Heller J. Chemically self-regulated drug delivery systems. J Controlled Rel 1988; 8: 111–125.CrossRefGoogle Scholar
  18. 18.
    Brownlee M and Cerami A. A glucose-controlled insulin-delivery system: semisynthetic insulin bound to lectin. Science 1979; 206: 1190, 1191.Google Scholar
  19. 19.
    Brownlee M and Cerami A. Glycosylated insulin compound to Concanvalin A. Biochemical basis for a closed-loop insulin delivery system. Diabetes 1983; 32: 499–504.CrossRefGoogle Scholar
  20. 20.
    Heller J, Pangburn SH, and Penhale DWH. Use of bioerodible polymers in self-regulated systems, in Controlled Release Technology, 1987; (Lee PI and Good WR, eds), ACS Symposium Series, No. 348, American Chemical Society, Washington DC, pp 172–187.Google Scholar
  21. 21.
    Heller J, Penhale DWH, and Pangburn SH. Chemically self-regulated drug delivery systems, in Polymers in Medicine, 1988; (Migliaresi C, Nicolais L, Giusti P, and Chiellini E, eds), Elsevier, Amsterdam, pp 175–188.Google Scholar
  22. 22.
    Herbert TA, Kost J, and Ratner BD. Swelling behaviour of glucose sensitive membranes, in Polymers as Biomaterials, 1984; (Shelaby SW, Hoffman AS, Ratner BD, and Herbert TA, eds), Plenum, New York, pp 193–207.Google Scholar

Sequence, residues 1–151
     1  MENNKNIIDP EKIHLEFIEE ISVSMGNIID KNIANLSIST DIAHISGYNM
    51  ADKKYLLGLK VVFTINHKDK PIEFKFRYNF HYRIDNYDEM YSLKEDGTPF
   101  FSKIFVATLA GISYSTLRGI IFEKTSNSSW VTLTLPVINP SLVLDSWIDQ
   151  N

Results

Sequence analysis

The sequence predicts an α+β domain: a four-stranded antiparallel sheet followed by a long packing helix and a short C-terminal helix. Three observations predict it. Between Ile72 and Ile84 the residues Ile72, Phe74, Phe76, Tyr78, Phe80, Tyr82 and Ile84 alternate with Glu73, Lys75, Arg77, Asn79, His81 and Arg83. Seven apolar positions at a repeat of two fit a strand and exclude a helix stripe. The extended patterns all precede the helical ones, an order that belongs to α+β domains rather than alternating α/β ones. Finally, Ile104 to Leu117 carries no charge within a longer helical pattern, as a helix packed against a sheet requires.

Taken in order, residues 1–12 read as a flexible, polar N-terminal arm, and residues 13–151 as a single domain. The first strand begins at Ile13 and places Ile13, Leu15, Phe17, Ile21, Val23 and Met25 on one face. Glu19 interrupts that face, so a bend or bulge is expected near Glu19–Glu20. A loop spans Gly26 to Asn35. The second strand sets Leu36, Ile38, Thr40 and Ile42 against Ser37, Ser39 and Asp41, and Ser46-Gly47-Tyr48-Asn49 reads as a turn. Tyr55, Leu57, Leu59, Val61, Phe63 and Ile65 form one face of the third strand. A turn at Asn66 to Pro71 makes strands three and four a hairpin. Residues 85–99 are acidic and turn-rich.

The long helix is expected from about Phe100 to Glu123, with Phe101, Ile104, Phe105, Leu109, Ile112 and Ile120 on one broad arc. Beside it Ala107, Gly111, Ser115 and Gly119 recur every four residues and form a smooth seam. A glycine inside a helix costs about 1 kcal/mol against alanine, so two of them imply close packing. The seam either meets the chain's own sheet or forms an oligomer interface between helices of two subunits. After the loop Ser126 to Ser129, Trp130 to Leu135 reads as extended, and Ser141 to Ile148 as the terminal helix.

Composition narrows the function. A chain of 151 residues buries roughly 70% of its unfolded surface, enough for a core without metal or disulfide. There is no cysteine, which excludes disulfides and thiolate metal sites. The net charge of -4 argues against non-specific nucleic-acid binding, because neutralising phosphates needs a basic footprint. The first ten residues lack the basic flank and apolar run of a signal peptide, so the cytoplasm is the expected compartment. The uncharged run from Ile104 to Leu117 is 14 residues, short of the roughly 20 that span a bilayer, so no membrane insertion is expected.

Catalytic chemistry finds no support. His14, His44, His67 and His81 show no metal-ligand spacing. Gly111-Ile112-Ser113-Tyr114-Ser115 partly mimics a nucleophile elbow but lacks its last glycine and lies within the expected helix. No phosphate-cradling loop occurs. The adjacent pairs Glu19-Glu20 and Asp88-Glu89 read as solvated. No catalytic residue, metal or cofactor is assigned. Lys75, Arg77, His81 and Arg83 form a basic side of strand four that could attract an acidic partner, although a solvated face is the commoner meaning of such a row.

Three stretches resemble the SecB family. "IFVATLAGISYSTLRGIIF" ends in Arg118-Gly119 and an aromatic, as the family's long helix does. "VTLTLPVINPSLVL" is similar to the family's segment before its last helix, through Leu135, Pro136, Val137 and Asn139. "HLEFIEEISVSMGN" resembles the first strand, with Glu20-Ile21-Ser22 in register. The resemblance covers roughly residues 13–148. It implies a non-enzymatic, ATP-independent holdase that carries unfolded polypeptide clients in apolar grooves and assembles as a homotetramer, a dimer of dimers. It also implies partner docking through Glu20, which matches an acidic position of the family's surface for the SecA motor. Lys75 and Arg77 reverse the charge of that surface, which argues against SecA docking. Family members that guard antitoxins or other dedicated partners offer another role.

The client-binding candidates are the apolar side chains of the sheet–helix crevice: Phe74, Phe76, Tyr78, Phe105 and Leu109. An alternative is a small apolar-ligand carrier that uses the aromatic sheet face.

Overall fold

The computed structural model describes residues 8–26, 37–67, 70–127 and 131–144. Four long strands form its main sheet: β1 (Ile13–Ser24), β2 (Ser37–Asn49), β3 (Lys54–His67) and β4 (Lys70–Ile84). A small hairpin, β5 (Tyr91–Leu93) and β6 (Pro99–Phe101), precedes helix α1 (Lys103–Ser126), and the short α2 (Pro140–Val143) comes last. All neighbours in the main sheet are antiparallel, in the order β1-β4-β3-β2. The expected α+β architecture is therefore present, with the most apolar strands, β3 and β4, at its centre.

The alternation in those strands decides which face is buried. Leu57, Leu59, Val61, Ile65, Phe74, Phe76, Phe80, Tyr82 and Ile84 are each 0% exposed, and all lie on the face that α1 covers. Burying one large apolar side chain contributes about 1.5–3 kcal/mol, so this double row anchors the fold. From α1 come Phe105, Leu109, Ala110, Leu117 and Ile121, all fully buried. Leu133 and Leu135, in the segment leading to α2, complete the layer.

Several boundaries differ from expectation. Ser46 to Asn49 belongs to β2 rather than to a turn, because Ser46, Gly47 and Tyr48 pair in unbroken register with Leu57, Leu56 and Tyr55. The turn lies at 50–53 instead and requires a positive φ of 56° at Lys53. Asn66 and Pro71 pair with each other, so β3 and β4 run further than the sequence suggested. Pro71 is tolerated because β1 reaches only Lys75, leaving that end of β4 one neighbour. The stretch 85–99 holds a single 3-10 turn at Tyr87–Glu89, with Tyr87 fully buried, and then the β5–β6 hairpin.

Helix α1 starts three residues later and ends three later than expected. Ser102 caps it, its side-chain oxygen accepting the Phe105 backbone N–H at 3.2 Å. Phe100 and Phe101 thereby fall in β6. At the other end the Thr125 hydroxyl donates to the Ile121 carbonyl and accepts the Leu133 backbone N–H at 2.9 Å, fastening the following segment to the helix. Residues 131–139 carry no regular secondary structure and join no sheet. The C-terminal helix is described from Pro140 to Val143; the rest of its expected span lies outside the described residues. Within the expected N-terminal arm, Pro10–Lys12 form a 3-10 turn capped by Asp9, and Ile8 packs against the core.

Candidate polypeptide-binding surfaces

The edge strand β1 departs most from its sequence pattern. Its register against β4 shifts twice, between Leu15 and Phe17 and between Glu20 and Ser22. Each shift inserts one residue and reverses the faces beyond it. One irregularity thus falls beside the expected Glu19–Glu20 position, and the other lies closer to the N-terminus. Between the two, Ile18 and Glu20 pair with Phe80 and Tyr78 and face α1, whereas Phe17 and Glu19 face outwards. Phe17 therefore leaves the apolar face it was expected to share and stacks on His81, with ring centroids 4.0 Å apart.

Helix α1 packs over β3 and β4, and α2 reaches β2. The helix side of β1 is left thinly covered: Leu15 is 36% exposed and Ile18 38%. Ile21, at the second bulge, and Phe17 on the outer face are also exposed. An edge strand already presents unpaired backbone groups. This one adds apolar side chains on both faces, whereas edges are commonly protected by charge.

23. 23.
    Ishihara K, Kobayashi M, and Shionohara I. Control of insulin permeation through a polymer membrane with responsive function for glucose, 1983; Makromol Chem 1983; 4: 327–331.Google Scholar
  24. 24.
    Ishihara K, Kobayashi M, and Shinihara I. Insulin permeation through amphihilic polymer membranes having 2-hydroxyethyl methacrylate moiety. Polym J 1984; 16: 647–651.CrossRefGoogle Scholar
  25. 25.
    Miyazaki S, How W-M, and Takeda M. Controlled release by ultrasound irradiation. Chem Pharm Bull 1985; 33 (1): 428–431.CrossRefGoogle Scholar
  26. 26.
    Edelman EK, Kost J, Bobeck H, and Langer RS. Regulation of drug release from polymer matrices by oscillating magnetic fields I. JBiomed Res 1985; 19: 67–83.CrossRefGoogle Scholar